“I was dead; and look! I am living into worlds of worlds,
and I have the keys of death and of hell.”
(Emphasis added.)

Wycliffe was translating from Latin, from the Vulgate Bible, which renders the expression in question as in sæcula sæculorum. In Roman times a sæculum was a period quite similar to what would we would call an age or a generation. It eventually got attached to the notion of a time-span of this mortal world, and by Wycliffe's time sæculum meant "world," from which we get the English word "secular" and its modern interpretation as "worldly" or "of this world" over against the things which are transcendent, divine or immortal. One translation of in sæcula sæculorum, offered by Wikipedia, is "down to the times of the times".

In the first quarter of the 7th century AD, Isidorus Hispalensis, the Archbishop of Seville in Spain1, published an encyclopaedia called the Etymologiæ, "Etymologies," in which he quotes De catechizandis rudibus, by Augustinus Hipponensis2, from a couple of generations preceding him. There is reference therein to what were considered to be the Six Ages of the World, with a seventh one often interpreted as "the Sabbath Age," the World to Come, so that the ultimate age of the universe ends up being one "divine week" composed of seven days, each day lasting about a thousand years long but with the seventh one being endless.

In Book 5, Chapter 38, Section 5, the Etymologiæ say:

The term 'age' properly is used in two ways:
either as an age of a human – as infancy, youth, old age –
or as an age of the world,
whose first age is from Adam to Noah;
second from Noah to Abraham;
third from Abraham to David;
fourth from David to the exile of Judah to Babylon;
fifth from then [the Babylonian captivity], to the advent of our Savior in the flesh;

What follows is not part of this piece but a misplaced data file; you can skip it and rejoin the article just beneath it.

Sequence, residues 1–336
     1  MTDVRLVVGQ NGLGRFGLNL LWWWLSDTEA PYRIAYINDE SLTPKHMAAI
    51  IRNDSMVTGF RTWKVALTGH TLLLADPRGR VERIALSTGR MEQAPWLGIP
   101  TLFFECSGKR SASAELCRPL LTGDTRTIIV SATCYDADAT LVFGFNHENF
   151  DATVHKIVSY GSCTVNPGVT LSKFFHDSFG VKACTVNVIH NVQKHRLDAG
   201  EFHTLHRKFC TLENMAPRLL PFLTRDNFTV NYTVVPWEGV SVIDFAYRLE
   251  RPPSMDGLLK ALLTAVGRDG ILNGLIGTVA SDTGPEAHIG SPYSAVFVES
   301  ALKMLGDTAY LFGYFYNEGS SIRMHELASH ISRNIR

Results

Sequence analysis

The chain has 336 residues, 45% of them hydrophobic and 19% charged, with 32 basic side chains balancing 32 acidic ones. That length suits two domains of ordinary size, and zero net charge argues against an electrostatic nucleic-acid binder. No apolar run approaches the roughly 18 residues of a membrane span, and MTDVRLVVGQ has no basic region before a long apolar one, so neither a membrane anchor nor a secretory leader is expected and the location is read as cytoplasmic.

sixth, which is now under way, to when the world itself comes to an end.
The succession of these ages through generations and reigns is thus reviewed.

The word translated3 "age" here, is however, ætas4 rather than sæculum, the latter of which is defined in Section 1 of the same chapter as follows:

Saecula consist of generations, and hence the term saeculum, because they 'follow' (sequi 5) one after another, for when some pass away, others take their place. Some call a saeculum a period of fifty years, which the Hebrews call a jubilee.


1. Isidorus, or Isidore of Seville, is venerated as a saint in both the Roman Catholic and the Eastern Orthodox Churches; is, in the Occident, considered to be the last of the Church Fathers; and might currently be in the process of officially being recognised as the patron saint of the Internet and of computer programmers, technicians and users.
2. "On Catechising the Uninitiated," by Augustine of Hippo
3. In The Etymologies of Isidore of Seville, by Stephen A. Barney, W.J. Lewis, J.A. Beach & Oliver Berghof, with the collaboration of Muriel Hall
4. From which comes the word æternitas, "eternity," which originally did not mean "endless time."
5. Cf. the English word sequence.


A Poetic Expression

In his book Time and Eternity: A Biblical Study, G.T. Stevenson says that eis tous aionas ton aionon is a polytotonic superlative based on a normal Hebraic or Semitic expression similar to other designations like King of Kings, Lord of Lords, Holy of Holies and Song of Songs.

In a most self-explanatory manner, "Holy of Holies" is also often rendered as "Most Holy Place." Similarly the Song of Songs is, in Stevenson's interpretation of the expression, the finest song.

The Ethiopian Emperor's title was "King of Kings" because he was a king who ruled over a number of provinces on the coast of the Red Sea, each of which had its own king. The Irish High King was a king of or over other kings in Ireland. Within a certain region or empire, therefore, the King of Kings would be the highest or most powerful king. The same goes for a "Lord of Lords."

Age of Ages

Technically, however, each of the above is describing a singular thing. The plural of this is what Ages of Ages represents. If a bunch of emperors got together to hang out, then we would have a meeting of some "Kings of Kings."

Stevenson understands the singular form of the expression in question—Age of Ages (occurring only one time in the Bible, in Ephesians 3.21)—to mean "best Age," which could also be said to be a very good or great Age. (Note how "Golden Age" is a term from Greco-Roman mythology used now to refer to what is considered to be the best times of a certain phenomenon, e.g. the golden age of jazz. In this way "the golden age" is an age of ages : an extremely memorable, nostalgia-inducing time-period).

The Plural (of the Plural)

On the other hand, perhaps it is to be taken quantitatively rather than qualitatively. Just as an empire contains within itself a number of kingdoms so too perhaps an Age of Ages is a larger time-span containing smaller spans. And so the [plural] Ages of [the] Ages would be a combination or collection of these larger time-spans.